AMANPOUR: Ambassador Patrick Gaspard, thank you for joining me.
GASPARD: Thank you for joining me on.
AMANPOUR: Thank you.
And while the world does celebrate his life, those closest to Nelson Mandela acutely feel his absence. Zelda la Grange was Mandela's former personal assistant. And she talked to CNN's Robyn Curnow about her sadness. But she also remembered the good time. Take a listen.
ZELDA LA GRANGE, MANDELA'S PERSONAL ASSISTANT: We were actually reminiscing last night about some of the funny things and these things of humor. So those things will all come back as we deal with his passing on.
ROBYN CURNOW, CNN HOST: What was it like when you saw him for the last time? Did you know you were saying goodbye?
LA GRANGE: At the time, I didn't. But I made sure that I said the things that needed to be said.
CURNOW: Do you think he heard you?
LA GRANGE: Yes.
CURNOW: What did you say?
LA GRANGE: No, I told him I loved him.
CURNOW: Was it hard seeing him like that?
LA GRANGE: Yes.
AMANPOUR: She also spoke of the amazing ability of Nelson Mandela to bring people together.
After a break, can that same spirit bring an entire continent together? The view from the president of Ghana when we come back.
AMANPOUR: Welcome back to the program, where we're live tonight from Johannesburg, South Africa, and where we can still see live pictures of all those people who continue to gather outside the home of Nelson Mandela here in Johannesburg, where he lived his last months and where he died last week on Thursday.
The nation, of course, is gearing up for a week of celebration and commemoration of his life, a massive memorial service is set for tomorrow in the Johannesburg soccer stadium, 90,000 seats are even not likely enough to fit all those who wish to attend.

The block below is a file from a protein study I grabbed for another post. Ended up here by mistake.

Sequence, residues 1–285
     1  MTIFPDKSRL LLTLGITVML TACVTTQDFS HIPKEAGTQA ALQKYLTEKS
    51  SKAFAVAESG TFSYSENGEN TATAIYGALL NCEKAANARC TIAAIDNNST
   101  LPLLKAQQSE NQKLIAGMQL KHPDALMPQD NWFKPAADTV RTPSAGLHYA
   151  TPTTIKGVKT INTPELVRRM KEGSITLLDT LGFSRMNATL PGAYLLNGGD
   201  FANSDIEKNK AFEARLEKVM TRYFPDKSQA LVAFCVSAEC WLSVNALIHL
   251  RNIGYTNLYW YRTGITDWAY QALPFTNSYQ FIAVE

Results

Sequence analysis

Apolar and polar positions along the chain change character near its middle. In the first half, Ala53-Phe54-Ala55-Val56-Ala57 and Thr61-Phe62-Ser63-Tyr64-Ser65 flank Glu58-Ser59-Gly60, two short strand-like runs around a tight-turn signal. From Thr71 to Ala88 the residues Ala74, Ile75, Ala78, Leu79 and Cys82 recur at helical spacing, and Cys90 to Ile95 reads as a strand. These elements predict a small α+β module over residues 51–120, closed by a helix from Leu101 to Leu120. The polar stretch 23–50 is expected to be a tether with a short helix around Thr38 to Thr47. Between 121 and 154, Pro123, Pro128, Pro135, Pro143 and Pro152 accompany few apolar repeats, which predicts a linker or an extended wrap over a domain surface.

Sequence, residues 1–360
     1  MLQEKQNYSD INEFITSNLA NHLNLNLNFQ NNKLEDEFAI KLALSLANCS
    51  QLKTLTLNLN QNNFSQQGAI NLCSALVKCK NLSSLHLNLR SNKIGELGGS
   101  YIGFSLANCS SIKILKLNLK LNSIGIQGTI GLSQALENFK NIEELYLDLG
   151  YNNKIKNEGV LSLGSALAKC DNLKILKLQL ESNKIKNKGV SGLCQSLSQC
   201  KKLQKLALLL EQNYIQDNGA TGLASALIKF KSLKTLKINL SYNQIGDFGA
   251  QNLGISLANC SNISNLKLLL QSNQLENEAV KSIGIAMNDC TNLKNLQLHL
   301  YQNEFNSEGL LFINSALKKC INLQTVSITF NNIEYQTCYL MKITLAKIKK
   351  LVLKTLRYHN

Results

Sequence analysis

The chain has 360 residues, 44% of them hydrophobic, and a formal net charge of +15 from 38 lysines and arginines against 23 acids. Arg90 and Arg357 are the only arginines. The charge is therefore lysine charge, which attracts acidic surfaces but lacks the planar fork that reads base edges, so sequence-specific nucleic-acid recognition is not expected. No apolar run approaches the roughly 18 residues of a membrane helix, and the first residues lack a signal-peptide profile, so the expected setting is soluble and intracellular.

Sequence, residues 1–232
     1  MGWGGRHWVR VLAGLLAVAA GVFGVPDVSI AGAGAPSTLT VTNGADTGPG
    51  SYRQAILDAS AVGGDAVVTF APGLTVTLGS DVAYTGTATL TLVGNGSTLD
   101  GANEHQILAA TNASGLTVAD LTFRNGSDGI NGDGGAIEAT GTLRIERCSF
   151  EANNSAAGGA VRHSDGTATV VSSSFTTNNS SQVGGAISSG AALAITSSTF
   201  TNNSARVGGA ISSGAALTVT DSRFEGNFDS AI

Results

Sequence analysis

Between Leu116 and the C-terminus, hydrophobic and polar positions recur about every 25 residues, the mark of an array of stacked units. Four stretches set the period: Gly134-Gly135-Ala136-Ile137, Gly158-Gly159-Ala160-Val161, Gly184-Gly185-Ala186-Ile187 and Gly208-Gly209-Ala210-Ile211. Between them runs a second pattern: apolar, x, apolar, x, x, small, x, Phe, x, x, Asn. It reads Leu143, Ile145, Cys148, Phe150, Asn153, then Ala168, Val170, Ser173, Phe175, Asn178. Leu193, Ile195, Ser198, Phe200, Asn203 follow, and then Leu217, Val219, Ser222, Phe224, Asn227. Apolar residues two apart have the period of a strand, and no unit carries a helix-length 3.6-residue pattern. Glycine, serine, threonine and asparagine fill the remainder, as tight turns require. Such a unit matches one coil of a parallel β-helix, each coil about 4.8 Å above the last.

And five days later there will be a state funeral, and that will be held in Mandela's ancestral hometown of Qunu.
In the aftermath of his death there has been an outpouring of appreciate from leaders all over the world, who were somehow touched and inspired by the man.
Now some of this praise has come from most unlikely quarters, for instance the day after his death, Syria's President Bashar al-Assad posted praise on his Facebook page. And over the years when I've interviewed two of the most authoritarian, not to mention longest serving African leaders, they also claim to have a special place in their hearts for Mandela. Listen.
(BEGIN VIDEO CLIP)
AMANPOUR: Can I ask you a question about Nelson Mandela?
ROBERT MUGABE, PRESIDENT OF ZIMBABWE: He's a great man, that one, yes.
In Africa, I admire Nelson Mandela because he has carried out very important work.
(END VIDEO CLIP)
AMANPOUR: But of course, Nelson Mandela made his mark most on the leaders of countries committed to reconciliation, freedom and democracy, like Ghana, which has had five peaceful elections in a row.
John Dramani Mahama is the country's president now; he's delivering a lecture on the future of Africa in New York, and I reached him there a short time ago just before he left to board a plane to come here for tomorrow's memorial.
AMANPOUR: President Mahama, thank you very much for joining me.
JOHN DRAMANI MAHAMA, PRESIDENT OF GHANA: Thank you, Christiane.